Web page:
Munich Personal RePEc Archive

European Integration and the Peripheral Disparities in Greece. The way ahead

Kavvadia, Helen (2009): European Integration and the Peripheral Disparities in Greece. The way ahead. Published in: Review of decentralisation, local government and regional development , Vol. 56, No. October 2009 (1. October 2009)

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Abstract

As the main initiatives in economic and regional policy in Greece focuses on creating favourable conditions for general economic growth and innovation rather than regional redistribution and cohesion, the future of the peripheral areas is largely a local concern and to an increasingly degree depending upon European co-operation and initiatives. Recent studies point to the fact that there has been a convergence in terms of economic development between the countries in the EU during the last two decades. However, simultaneously with the reduced economic disparities at a national level, there has been increasing disparities between regions within countries. Not surprisingly, it is the European capital and metropolitan regions that display the strongest economic growth, while the peripheral and largely rural regions are lagging behind. As a consequence, there has been an increasing spatial polarization in the EU-27 countries. At a policy level, the EU has had its primarily focus on the objectives of economic growth and competitiveness (the Lisbon Strategy) and sustainable development (the Gothenburg Strategy). However, in 2004 the European Commission’s Third Cohesion Report, identified territorial cohesion as a additional strategic policy objective. The instruments for achieving the objective of territorial cohesion is the co-ordination of Regional Policy with various sectoral policies and initiatives. The principle of territorial cohesion has been pushed strongly by the Conference for Peripheral and Maritime Regions (CPMR), founded in 1973. One area where CPMR has been particularly active during the last years is on the initiative taken by the European Commission concerning a future EU Maritime Policy, which has been out for public consultation as a Green Paper between June 2006 and June 2007.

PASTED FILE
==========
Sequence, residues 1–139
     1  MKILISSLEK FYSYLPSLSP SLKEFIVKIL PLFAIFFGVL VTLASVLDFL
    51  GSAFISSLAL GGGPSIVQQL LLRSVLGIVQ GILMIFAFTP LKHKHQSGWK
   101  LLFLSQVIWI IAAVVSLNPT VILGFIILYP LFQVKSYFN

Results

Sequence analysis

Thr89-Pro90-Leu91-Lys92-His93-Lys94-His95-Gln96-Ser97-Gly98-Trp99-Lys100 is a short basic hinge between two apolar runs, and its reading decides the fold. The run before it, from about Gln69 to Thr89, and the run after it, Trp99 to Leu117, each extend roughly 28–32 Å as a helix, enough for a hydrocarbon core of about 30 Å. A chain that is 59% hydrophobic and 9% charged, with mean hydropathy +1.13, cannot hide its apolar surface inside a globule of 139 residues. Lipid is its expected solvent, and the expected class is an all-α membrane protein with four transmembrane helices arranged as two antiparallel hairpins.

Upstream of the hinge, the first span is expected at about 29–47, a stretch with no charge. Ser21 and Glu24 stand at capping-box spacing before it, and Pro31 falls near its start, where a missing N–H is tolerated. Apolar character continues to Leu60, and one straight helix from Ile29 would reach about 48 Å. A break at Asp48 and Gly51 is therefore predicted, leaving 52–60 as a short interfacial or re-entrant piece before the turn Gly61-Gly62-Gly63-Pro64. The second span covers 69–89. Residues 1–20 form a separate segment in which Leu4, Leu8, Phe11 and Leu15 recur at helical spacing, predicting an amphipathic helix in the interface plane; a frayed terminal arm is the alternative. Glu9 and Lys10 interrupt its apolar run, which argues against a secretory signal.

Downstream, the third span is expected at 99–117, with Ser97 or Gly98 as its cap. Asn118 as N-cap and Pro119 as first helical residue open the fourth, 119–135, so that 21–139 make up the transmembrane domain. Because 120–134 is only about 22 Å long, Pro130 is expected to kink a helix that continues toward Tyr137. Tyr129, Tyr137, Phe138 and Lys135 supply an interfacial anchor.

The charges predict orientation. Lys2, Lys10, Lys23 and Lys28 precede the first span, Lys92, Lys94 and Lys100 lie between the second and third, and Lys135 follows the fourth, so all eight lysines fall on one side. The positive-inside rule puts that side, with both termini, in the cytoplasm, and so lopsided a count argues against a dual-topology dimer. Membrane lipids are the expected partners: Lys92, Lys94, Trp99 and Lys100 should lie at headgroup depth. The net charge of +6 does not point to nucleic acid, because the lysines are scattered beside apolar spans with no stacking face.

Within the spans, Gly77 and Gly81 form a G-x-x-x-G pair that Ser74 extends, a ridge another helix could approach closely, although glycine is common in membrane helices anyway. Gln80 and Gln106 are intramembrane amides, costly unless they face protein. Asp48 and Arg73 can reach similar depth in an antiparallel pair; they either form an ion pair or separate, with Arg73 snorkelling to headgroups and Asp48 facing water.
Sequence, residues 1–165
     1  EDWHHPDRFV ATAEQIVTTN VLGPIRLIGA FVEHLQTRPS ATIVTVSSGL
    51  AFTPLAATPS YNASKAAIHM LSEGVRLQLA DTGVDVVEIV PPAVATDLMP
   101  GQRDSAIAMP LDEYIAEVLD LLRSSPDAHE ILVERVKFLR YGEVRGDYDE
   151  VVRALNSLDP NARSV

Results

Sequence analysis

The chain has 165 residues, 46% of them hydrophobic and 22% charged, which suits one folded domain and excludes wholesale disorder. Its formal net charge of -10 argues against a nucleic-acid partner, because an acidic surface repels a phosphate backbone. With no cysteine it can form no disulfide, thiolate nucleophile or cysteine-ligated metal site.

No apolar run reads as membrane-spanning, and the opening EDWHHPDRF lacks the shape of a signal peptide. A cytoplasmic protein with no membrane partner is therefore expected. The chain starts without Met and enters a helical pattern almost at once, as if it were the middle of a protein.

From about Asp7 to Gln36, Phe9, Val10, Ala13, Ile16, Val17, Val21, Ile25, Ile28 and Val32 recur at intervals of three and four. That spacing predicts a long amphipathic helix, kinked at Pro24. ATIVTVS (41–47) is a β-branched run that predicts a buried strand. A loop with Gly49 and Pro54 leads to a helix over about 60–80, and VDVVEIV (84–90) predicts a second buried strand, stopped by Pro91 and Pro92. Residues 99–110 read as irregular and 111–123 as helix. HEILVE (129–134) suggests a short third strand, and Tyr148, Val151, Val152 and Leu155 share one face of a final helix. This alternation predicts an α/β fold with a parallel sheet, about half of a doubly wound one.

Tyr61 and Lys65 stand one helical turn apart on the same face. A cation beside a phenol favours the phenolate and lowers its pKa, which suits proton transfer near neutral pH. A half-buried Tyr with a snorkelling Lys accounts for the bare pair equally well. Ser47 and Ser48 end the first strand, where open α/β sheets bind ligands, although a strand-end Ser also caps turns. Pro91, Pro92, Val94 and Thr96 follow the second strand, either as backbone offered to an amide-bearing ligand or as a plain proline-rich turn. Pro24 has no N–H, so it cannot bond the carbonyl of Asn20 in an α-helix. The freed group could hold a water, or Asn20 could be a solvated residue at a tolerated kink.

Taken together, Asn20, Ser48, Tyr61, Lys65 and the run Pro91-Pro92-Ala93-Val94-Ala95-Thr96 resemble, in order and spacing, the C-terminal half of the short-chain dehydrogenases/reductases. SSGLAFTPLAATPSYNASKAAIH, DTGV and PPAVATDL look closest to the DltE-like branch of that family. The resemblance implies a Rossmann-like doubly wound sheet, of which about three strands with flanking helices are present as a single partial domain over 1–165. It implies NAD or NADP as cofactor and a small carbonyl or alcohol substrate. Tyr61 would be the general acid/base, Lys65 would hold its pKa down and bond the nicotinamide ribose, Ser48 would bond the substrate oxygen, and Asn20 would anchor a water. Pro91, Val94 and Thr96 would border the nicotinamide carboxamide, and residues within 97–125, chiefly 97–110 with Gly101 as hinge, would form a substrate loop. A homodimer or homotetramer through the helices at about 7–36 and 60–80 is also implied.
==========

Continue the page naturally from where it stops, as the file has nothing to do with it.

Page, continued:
Undoubtedly, Greece is attempting to achieve the EU policy objectives of economic growth and competitiveness (the Lisbon Strategy) and comply with the principles of sustainable development (the Gothenburg Strategy). In doing this, Greek regional policy, as in most of Europe, has undergone a significant shift from being based on direct economic subsidies to the creation of favorable conditions for development and growth. In terms of organization it is also evident that new structures are put in place, which on the one hand strengthens activities at the regional level, and on the other hand secure channels for carrying out governmental national policies. However, while the emphasis on growth and competitiveness is clearly the guiding principle in the Greek economic and regional policy, the issue of territorial cohesion is not addressed explicitly.

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